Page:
Natural Resource Management: The Norwegian Model

ELE425 Natural Resource Management: The Norwegian Model

  • Topics



    In addition: excursions, social activities, discussion groups, preparing for the writing of term-papers or other student assignments, invitation of guest lecturers from energy companies etc., either at NHH or locally in connection with company visits, etc.

  • Learning outcome

    Learning outcome

    The course gives an overview of analytical, empirical and institutional issues in modern economic natural resource management and policy, and the tools, experience and insights that economists and decision-makers have gained from the management of nature, broadly defined. The terms of reference of the course will, in particular, be an economic analysis and evaluation of the resource management and policy regimes developed by a natural resource-rich country like Norway.

    Norway is abundantly endowed with natural resources and the utilization of its resource base has strongly influenced the industrial structure, foreign trade, economic development and welfare of the country. Norway is particularly rich in energy resources (oil, natural gas and water for hydro power production), fish, including fish farming, and some minerals, including thorium as a potential resource base for new technologies of nuclear power generation. The small size of the country (population 4.6 million), its geographic location on the outskirts of Europe, its political system and the generally high regard among its people for preserving the natural environment, have generated some special approaches to, and institutional arrangements for, the Norwegian natural resource and environmental management regime.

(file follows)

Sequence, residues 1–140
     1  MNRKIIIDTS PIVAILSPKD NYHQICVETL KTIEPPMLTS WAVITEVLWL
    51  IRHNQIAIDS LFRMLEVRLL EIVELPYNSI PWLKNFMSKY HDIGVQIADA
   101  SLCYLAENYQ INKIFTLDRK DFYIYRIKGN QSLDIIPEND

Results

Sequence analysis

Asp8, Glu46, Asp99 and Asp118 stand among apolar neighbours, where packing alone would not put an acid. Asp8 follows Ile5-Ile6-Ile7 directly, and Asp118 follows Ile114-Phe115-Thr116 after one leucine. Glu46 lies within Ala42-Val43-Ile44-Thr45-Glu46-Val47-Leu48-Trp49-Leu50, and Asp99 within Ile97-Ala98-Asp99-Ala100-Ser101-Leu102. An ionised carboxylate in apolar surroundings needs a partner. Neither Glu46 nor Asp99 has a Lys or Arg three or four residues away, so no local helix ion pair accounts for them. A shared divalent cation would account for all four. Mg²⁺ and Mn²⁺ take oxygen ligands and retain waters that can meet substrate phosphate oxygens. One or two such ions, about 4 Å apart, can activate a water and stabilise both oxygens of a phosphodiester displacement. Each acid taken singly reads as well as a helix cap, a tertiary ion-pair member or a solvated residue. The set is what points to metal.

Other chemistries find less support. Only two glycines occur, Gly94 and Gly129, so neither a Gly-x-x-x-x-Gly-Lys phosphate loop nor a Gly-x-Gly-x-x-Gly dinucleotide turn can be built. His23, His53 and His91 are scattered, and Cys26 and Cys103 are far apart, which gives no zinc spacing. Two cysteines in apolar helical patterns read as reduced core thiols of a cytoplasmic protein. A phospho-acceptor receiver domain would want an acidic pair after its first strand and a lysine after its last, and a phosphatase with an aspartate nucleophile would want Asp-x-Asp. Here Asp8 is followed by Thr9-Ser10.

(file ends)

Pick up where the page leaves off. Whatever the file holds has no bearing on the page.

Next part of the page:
The course will cover important aspects of the natural resource management and policy regimes through the resource value chain from exploration, production, transportation, etc. to end-use and the economic "value chain┬┐ from macroeconomic aspects, via sectors and markets, to aspects at the micro level (firms and consumers).

    Ideally, students registering for the course should have had an introductory course in natural and environmental economics. Students who do not have such background, are recommended to read the relevant chapters of the reference book for the course; Grafton et al; see below, in advance. A brief introduction to the economics of natural resource and environmental management will also be given at the beginning of the course.

  • Teaching


    Student assignments, groupprojects, cases, exams, etc. 40 lectures, each 45 minutes, an average of 4 lectures per day; relatively more frequently in the beginning.

  • Required prerequisites

    Required prerequisites

  • Requirements for course approval

    Requirements for course approval

    Course approval based on evaluation and presentation of groupprojects. Course approval a requirement for the final examination.

  • Assessment


    3 hours written exam.

  • Grading Scale

    Grading Scale

    Grading scale A - F.

  • Semester



  • Literature


    Background reading; reference book: R.Q. Grafton et al: The economics of the environmentand natural resources, Blackwell, 2004. (selected chapters).

    Required reading for each topic or sequence of lectures. (This will be given later)


ECTS Credits
Teaching language

Course responsible

Einar Hope, Department of Economics